Friday, February 2nd, 2007
By William Kincaid
Paying for public access
Most records available, but it could cost you
Ohio citizens are entitled to paper copies of all public documents, with a few exceptions.
But if the officials who act as custodians of public records assist in the copying, it will cost. In Mercer County, cost for copies varies widely between 10 cents and $2 per copied page.
During a recent dual-county survey of governments, The Daily Standard learned the Mercer County Recorder's office charges $2 a copy - 1900 percent more than the Mercer Board of Elections' fee of only a dime per page.
In other comparisons, the Mercer County Clerk of Courts and the Auglaize County Recorder and Clerk of Courts, each charge 25 cents per copy.
The public, according to state law, has the right to inspect all public documents, as well as get copies. Generally, a public office may only charge the actual cost of producing the copy, unless the cost is otherwise set by statute.
The Ohio Attorney General's Office stated in its 2006 Sunshine Law summary that it charges five cents per page, in compliance with "the actual cost" provision.
But former Attorney General Jim Petro stated in a 2004 opinion that it is legally permissible - based on a state statute - for a county recorder to charge a base fee of $1 per page and a housing fee of $1 per page for his or her services.
Mercer County Recorder Tamara Barger said her office has charged $2 per copied page - as opposed to at cost - for quite some time now.
Because the office's policy mandates that an employee assist in the production of copies, as opposed to a citizen coming in and making his or her own copy, Barger said the charge is in compliance with Ohio law.
"The performance of a service denotes more than the mere provision of access to equipment," Petro's opinion states. "According to its common usage ... the term 'service' means assistance or effort provided."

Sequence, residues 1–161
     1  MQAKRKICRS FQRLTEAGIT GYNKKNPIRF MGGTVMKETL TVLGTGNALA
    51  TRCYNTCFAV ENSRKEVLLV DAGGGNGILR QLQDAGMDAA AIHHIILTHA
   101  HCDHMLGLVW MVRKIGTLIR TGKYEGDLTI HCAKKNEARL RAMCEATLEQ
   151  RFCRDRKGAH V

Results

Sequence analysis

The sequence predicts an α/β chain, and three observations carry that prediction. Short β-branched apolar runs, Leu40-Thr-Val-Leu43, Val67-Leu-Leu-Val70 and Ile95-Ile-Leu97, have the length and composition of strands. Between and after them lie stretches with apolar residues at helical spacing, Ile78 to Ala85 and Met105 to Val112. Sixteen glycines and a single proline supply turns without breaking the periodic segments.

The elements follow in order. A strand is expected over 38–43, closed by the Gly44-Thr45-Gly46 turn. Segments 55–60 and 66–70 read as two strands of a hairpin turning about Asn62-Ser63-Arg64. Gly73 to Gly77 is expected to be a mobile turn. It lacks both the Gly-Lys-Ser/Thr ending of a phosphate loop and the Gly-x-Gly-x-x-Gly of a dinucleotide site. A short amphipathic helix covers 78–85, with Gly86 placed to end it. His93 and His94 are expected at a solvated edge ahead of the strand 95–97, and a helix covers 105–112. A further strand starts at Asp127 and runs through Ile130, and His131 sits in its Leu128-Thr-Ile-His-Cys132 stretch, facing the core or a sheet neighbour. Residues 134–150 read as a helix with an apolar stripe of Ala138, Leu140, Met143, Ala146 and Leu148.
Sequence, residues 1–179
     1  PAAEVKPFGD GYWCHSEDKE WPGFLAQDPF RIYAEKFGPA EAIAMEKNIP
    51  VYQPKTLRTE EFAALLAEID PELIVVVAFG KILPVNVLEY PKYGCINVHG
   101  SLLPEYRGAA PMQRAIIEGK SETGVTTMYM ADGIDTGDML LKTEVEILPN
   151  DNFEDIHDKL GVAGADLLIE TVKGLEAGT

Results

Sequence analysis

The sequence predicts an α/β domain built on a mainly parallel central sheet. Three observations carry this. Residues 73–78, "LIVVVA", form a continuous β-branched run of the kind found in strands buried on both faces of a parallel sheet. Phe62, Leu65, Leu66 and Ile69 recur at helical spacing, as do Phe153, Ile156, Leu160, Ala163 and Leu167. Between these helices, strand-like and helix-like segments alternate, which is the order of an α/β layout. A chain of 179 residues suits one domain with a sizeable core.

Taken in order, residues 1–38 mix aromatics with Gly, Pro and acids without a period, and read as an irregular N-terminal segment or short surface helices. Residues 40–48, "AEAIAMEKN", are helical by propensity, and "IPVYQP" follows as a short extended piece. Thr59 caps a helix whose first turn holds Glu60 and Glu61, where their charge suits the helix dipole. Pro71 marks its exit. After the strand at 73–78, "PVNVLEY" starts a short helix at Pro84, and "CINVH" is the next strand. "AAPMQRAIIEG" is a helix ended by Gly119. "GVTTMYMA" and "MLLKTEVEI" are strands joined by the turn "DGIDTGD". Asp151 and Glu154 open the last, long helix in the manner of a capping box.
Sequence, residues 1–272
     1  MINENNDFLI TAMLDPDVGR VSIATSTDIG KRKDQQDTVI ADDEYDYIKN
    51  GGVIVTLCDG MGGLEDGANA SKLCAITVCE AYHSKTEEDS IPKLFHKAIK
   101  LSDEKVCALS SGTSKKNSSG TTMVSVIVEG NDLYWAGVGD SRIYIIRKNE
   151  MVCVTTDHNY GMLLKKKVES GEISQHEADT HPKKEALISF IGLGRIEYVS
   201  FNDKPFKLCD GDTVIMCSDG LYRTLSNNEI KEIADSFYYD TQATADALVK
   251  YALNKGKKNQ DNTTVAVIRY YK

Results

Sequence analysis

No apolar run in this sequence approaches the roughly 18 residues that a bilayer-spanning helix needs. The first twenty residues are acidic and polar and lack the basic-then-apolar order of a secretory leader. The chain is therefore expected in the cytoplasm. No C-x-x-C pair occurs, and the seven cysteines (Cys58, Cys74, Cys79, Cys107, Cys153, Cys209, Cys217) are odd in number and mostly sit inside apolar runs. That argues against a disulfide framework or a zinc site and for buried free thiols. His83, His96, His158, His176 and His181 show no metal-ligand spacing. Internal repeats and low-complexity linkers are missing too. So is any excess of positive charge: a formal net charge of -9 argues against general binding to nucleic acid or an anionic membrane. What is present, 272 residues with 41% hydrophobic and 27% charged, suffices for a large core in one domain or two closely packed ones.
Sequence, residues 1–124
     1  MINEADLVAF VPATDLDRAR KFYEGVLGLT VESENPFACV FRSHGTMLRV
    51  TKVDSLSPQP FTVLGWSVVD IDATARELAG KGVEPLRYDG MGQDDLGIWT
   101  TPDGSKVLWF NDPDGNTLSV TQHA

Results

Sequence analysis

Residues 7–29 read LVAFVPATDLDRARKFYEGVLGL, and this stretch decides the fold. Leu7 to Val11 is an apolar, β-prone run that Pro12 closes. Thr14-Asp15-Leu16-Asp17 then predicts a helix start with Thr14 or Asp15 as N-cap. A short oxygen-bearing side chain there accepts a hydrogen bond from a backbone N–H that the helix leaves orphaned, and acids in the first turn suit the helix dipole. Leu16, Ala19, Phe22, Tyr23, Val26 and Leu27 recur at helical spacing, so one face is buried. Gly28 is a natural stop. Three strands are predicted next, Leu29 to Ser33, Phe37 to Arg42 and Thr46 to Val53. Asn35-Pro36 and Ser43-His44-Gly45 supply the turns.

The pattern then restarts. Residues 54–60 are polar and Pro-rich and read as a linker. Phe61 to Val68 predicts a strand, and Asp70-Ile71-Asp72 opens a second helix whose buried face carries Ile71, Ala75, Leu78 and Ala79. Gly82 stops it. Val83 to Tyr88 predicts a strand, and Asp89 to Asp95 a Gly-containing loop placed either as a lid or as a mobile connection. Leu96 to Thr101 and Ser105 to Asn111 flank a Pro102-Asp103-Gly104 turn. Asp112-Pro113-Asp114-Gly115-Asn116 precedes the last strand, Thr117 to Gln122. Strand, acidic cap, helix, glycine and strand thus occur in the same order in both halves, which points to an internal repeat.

The public cannot make copies for themselves - unassisted and thus only responsible for the "at cost" fee Barger said - because staff assistance is needed to prevent any mishaps. Barger said she is ultimately responsible for any document transactions.
"We have never let anyone make their own copies." she said about the office policy. "That's always been there."
But, if a citizen simply wants to inspect a document and not request copies, Barger said he or she would be more than welcome to do so for free during office hours.
Barger also pointed out that members of the public can access and print public documents - sans personal information such as Social Security numbers - for free on the Internet, as the office went online six months ago. However, the document images accessed through the Web site currently only goes back to 1996 and are not "official records," she said.
For the last few years, Barger said many of the document images from the recorder's office have also been available on the auditor's Web site. Because of such availability, she said the recorder's office loses $10,000 a year, as many people no longer request copies, opting to use the Internet instead.
All money received in the recorder's office goes directly in the county's general fund, she said.
Frank Deaner, president of the Ohio Coalition for Open Government, said such a lament of losing money is irrelevant. Local governments, he said, are not supposed to profit from or rely on copying (of public records) for revenue streams.
"The intent of state law is to prevent that," he told the newspaper. "Crying about losing revenue ... they weren't supposed to get revenue in the first place."
County budgets are responsible for covering the costs of providing reasonable copies and maintaining records, he pointed out.
"The pure intent of the law is only to recover physical cost (paper cost, toner, etc.)," Deaner said.
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